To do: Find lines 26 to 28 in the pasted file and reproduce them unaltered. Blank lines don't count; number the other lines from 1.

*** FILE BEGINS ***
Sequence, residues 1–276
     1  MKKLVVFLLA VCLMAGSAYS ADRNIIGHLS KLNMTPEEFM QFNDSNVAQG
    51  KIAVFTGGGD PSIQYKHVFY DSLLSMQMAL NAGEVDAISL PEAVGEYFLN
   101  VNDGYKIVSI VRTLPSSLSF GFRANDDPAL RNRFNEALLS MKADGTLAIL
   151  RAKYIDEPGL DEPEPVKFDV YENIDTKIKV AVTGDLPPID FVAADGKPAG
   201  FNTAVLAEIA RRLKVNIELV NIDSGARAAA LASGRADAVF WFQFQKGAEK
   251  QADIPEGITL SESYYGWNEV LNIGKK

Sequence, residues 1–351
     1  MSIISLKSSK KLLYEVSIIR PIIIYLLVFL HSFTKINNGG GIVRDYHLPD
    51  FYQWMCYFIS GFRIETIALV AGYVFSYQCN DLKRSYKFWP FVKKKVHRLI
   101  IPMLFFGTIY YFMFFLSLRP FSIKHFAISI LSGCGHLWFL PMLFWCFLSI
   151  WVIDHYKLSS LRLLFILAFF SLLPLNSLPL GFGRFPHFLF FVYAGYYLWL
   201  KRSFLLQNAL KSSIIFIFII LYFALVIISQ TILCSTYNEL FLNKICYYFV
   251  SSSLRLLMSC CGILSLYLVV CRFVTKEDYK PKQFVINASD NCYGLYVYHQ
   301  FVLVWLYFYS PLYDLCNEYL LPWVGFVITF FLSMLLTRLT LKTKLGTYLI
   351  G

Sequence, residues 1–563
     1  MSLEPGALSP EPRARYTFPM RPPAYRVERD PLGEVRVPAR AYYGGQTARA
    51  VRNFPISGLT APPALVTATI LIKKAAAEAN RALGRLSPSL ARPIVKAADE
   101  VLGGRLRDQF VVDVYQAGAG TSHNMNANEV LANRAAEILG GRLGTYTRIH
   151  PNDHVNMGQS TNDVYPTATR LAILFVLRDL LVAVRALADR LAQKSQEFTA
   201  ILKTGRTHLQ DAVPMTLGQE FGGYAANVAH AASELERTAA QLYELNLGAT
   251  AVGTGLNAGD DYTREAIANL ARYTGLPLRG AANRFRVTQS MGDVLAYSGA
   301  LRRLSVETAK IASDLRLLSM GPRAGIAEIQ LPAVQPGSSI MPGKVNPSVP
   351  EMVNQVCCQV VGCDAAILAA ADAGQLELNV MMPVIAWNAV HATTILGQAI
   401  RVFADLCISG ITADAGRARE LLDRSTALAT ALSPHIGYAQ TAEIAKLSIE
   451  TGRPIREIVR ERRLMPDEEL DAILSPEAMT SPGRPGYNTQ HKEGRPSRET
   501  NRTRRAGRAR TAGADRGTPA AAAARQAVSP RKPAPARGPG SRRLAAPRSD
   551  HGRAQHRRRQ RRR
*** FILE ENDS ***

   401  RVFADLCISG ITADAGRARE LLDRSTALAT ALSPHIGYAQ TAEIAKLSIE
   451  TGRPIREIVR ERRLMPDEEL DAILSPEAMT SPGRPGYNTQ HKEGRPSRET
   501  NRTRRAGRAR TAGADRGTPA AAAARQAVSP RKPAPARGPG SRRLAAPRSD